Weaver Questionnaire

1.Do you consider the increased concentration of economic wealth in the United States to be corrosive to our democracy?  If yes, how should this issue be addressed? If not, why not?

Concentration of wealth is a historical problem that can be addressed a number of ways. First: progressive taxation and social programs to make sure the benefit of that money goes to folks who need it. Second: Stronger unions to give workers bargaining power. Third: Higher estate taxes to lessen the flow of great wealth from generation to generation. Fourth: Universal access to education and training.

2. What are your thoughts on social democracy?

Social Democracy. That’s a bit general, but I would make this comment. We are suffering from a plague of cynicism about our politics that makes it hard to accomplish anything.

3. Racial discrimination continues to plague our nation.  This is evident in our workforce (hiring practices, income disparities, opportunities for advancement, etc…), in the administration of our criminal justice system, in systemic efforts to disenfranchise voters based on race, in the relative dearth of substantive environmental protections for communities where people of color constitute a large percentage of the population, and in other facets of American life.  What steps can and should be taken to address these issues?

Race. Another historical problem that’s hard to fix. Long term, the best solution is greater participation in the political process so the system, flawed as it is, works for all.

4. Thinking about the principles of liberty and equality, and this can apply to any given challenge (fiscal, social, etc…), how can they both be promoted to ensure that the “unalienable rights” of all Americans are protected?

Liberty & Equality. Humans are torn between the individual desire to “get ahead” and the social desire to help others. One provides the selfish engine that can do great things; the other makes sure those things are available to all. We need both and government can work that balance.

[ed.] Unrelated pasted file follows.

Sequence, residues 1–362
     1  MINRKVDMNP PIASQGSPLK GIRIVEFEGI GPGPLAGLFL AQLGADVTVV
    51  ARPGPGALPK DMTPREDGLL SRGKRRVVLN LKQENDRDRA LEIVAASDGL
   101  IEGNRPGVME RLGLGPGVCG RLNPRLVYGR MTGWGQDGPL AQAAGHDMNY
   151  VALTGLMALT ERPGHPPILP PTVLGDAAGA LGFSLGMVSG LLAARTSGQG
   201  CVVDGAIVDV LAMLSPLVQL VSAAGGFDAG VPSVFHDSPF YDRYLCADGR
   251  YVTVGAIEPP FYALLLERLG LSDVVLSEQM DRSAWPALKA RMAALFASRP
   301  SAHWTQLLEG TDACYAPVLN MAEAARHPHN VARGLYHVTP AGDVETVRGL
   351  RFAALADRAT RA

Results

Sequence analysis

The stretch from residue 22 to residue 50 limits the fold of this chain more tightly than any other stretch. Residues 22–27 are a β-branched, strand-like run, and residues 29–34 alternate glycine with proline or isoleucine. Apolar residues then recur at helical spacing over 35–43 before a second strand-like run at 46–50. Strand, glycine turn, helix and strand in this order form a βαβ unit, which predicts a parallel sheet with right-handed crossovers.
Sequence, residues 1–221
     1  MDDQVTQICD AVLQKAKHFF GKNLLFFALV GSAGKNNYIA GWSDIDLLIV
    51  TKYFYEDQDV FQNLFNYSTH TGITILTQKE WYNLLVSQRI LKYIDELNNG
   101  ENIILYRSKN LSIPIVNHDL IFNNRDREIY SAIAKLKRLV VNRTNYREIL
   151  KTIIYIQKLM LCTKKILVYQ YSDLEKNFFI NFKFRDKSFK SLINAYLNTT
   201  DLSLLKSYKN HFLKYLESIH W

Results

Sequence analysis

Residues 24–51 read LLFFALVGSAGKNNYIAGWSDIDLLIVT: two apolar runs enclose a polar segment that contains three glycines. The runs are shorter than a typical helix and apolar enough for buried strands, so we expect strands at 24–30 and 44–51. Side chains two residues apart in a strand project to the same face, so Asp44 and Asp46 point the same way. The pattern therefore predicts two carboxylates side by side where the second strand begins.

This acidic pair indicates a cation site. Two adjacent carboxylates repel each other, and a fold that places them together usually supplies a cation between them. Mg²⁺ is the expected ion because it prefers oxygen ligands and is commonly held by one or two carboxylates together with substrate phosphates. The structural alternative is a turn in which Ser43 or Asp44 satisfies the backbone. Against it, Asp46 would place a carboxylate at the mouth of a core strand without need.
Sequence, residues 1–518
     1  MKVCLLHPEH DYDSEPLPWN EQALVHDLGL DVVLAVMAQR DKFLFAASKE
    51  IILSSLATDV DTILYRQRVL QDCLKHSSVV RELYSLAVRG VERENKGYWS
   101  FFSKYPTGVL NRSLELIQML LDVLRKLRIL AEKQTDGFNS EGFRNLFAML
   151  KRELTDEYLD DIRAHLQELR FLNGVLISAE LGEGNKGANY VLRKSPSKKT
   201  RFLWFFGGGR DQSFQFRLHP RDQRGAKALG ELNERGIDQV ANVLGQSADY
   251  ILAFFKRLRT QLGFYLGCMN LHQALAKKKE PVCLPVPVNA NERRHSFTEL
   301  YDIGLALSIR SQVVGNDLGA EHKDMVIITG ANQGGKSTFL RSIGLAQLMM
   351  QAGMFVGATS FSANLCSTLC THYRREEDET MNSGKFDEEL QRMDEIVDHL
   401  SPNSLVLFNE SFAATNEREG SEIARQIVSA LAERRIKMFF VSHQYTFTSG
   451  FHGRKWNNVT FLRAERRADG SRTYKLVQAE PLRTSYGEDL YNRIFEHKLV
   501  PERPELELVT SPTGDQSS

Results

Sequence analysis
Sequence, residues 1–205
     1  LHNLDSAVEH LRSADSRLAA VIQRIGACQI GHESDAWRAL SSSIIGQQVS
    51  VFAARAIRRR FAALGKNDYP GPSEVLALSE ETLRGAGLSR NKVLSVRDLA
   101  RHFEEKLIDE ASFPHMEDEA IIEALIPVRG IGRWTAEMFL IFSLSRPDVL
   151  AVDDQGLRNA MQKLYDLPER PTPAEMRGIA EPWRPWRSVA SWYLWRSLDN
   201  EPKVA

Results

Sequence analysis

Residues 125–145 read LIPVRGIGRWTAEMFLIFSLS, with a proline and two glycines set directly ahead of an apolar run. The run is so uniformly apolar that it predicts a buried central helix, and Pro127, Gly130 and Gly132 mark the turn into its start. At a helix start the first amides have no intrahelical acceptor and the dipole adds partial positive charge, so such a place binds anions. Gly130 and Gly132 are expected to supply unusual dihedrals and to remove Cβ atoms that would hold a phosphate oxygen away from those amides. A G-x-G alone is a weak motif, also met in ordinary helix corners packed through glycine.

5. Let’s assume that something called “class warfare” exists.  If so, who has been winning? For how long? And in whose interest is it to continue the war?  

Class war. The rich will always have the advantage in this ongoing war, especially when they rig the system through the political process.

6. Considering the UN’s sustainable development goals which refer to gender equality as a “fundamental human right,” how is America performing when it comes to promoting gender equality and what specific steps can and should be taken to secure true gender equality in the United States?

Gender equality. We have made great progress in my lifetime. My sister (now 73) was pushed out of science class and was later harassed mercilessly in the workforce. recent events, however have shown that we have a long way to go. I don’t think legal quotas are the way to go, but a system of grading businesses, etc. on gender equality could give consumers a way to direct their dollars away from the stinkers.

7. Many LGBTQIA Americans have expressed concerns that the current Administration (and those who view the world similarly) are dedicated to rolling back recent legal protections fought for, and recognized, in this country.  What steps can and should be taken to safeguard the rights of LGBTQIA citizens to participate fully in the “pursuit of happiness” stated in our Declaration of Independence? 

LGBTQIA. First- elect Democrats. Simple but true. The Dem. Party has staked out their position and should be rewarded. An expanded Equal Rights Amendment could also help, although that will take a while.